Moving plants back inside

September 23, 2006.  In my house you don’t need to look at the calendar to know that fall has arrived – signs of the change of season become more evident daily.

coleus cuttings 9-09_edited Freshly cut coleus stems now live in water-filled glass jars on a bright window sill.  I take cuttings from the tips of the healthiest looking coleus in my gardens, and wash them in water that contains a small amount of dishwashing liquid. This, hopefully, will remove any tiny aphids hiding underneath the leaves. Once roots sprout, these coleus will become brightly colored potted plants that will help soothe my need for brightly colored plants during cold weather months.  If I manage to prevent aphid infestations, these coleus will also serve as starters for some of next year’s coleus plantings.

P6290484_edited The potted indoor plants I moved outdoors after the weather finally warmed are slowly finding their way back inside. A jasmine was still in bloom when moved to its current indoor spot.  Last winter this plant bloomed through November and again in February – filling the room with sweet jasmine scent.

potted tropical hibiscus with ageratum 9-09_edited Two potted tropical hibiscus, also still in bloom, will soon be doused with insect-killing Safer spray.  One of these plants has lived through 17 years of moving outdoors in summer and indoors in winter.  The parent plant produced an offshoot that I’m training into the single-stem, tree-like standard pictured at left.  Both hibiscus benefit from full-sun locations during summer months.  To offset their bright orange color, I under plant with purple and blue flowering annuals – here you can see this year’s blue ageratum – which I’ll remove before bringing the plants inside.  The hibiscus will continue to bloom – often through Thanksgiving – then I’ll cut them back harshly, leaving only minimal leaves.  The pair will soon sprout new leaves from the remaining stems, and with light bi-monthly fertilization from late January onward and continued pruning for shape, they will be ready for re-acclimation to outdoor light once temperatures remain above 50 degrees next spring/summer.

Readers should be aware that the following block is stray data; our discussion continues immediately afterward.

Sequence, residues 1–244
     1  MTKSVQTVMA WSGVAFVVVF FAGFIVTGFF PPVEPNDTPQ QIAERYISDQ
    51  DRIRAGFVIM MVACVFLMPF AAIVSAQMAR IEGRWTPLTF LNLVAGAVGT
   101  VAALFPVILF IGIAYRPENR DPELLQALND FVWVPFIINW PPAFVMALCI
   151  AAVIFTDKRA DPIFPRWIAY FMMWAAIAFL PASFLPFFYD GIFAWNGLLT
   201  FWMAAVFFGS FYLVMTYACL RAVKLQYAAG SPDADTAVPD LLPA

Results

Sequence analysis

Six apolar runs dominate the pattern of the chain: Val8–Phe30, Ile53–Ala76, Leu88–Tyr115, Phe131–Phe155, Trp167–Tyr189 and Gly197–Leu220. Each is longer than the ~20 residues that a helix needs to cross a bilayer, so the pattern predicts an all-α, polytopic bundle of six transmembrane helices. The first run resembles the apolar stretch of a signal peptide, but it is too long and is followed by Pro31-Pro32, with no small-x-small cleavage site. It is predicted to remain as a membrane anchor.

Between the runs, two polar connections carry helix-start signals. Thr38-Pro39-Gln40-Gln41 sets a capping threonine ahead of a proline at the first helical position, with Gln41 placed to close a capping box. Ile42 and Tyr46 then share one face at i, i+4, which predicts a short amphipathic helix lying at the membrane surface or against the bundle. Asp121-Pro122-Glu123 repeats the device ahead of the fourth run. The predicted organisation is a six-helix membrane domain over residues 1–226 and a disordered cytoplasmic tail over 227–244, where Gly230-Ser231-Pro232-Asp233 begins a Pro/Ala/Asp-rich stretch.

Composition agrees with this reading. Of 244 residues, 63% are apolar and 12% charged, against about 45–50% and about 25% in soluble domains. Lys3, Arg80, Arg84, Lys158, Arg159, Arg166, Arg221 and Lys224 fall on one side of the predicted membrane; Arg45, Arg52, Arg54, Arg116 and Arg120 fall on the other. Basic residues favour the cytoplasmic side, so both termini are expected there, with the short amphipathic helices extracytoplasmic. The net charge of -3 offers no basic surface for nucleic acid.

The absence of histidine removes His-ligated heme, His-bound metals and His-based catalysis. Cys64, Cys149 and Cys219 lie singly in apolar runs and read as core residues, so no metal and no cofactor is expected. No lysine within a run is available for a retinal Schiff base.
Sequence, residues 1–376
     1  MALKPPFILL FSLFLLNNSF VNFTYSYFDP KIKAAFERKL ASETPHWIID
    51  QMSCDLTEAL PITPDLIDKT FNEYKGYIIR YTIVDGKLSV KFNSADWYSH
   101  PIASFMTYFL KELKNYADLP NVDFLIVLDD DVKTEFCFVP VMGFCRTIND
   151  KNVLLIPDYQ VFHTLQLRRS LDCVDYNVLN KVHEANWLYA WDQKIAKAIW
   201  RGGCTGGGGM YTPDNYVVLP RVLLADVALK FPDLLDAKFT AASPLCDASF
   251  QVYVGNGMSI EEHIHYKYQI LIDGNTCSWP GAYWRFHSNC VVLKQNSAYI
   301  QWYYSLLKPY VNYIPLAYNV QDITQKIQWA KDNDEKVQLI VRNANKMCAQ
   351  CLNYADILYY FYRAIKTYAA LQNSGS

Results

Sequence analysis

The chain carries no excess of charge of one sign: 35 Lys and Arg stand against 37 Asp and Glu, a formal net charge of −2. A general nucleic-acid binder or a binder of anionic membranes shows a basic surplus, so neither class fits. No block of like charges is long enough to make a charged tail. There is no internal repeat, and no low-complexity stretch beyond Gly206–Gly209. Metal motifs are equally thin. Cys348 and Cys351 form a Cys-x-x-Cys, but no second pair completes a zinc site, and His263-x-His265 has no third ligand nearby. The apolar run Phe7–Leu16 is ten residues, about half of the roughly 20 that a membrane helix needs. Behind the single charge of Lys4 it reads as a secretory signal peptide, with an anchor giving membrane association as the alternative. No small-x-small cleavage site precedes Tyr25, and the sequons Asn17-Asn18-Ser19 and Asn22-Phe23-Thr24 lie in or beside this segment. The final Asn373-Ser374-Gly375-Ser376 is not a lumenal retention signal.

Two scented geraniums – I think they are peppermint – that spent the warm days soaking up full sun, will also come back inside.  These survive cold seasons in a room that receives a hour or two of morning winter sun and otherwise bright light, but they always require a serious pruning after a month or so of coming back inside.  Often I will water root scented geranium cuttings for future plants, but usually do not do so until January or so.

The rest of my indoor greens – ivy, rabbit’s foot ferns, a variegated bromeliad, and a potted lemon grass I kept alive through last winter to see it thrive in warmer outdoor temps – will come back in as I rearrange furniture to make room.

potted gerbera daisies 9-09_edited Plus, for the first time I will try to overwinter gerbera daisies that grew so nicely on my deck this summer.  I’d love to hear from anyone with experience saving gerberas from year to year – maybe you can pass on some tips?

3 comments for “Moving plants back inside

  1. September 23, 2009 at 3:16 pm


    Your post is yet another sign that winter is just around the corner. For the first time today, I can really notice fall is here. The leaves are starting to turn color and many are already falling. Of course, it’s 80 degrees here so I’m waiting for the temp. to catch up with the calendar. I love cool fall days!

  2. September 24, 2009 at 10:22 am

    It is that time again. Do you ever have problems with pests hitching a ride into the house? Any tips on how to avoid it?

  3. joenesgarden
    September 25, 2009 at 9:18 am

    Hi Kate. Welcome. The best way to avoid bringing pests in with plants is to inspect for bugs – look under and over every leaf, along stems, and transplant the plants to new soil. I don’t always transplant, but I do inspect very thoroughly. I also spray Safer, an organic pesticide, on plants I know are likely to house aphids and other small sucking insects. Preferably, spray twice about a week apart, and really soak all leaf and stem surfaces. To really increase the likelihood of success, enclose the plant in a plastic bag for about 24 hours after each spray, but the size of my plants often prevents the bag thing. Still, sometimes bugs slip in, so it is good practice to isolate these plants for a couple of weeks and watch for any intruders. I always seem to miss some inch long caterpillars that like to eat hibiscus leaves, but their droppings give them away once the plants are inside, which prompts me to search till I find the little buggers.

Leave a Reply

%d bloggers like this: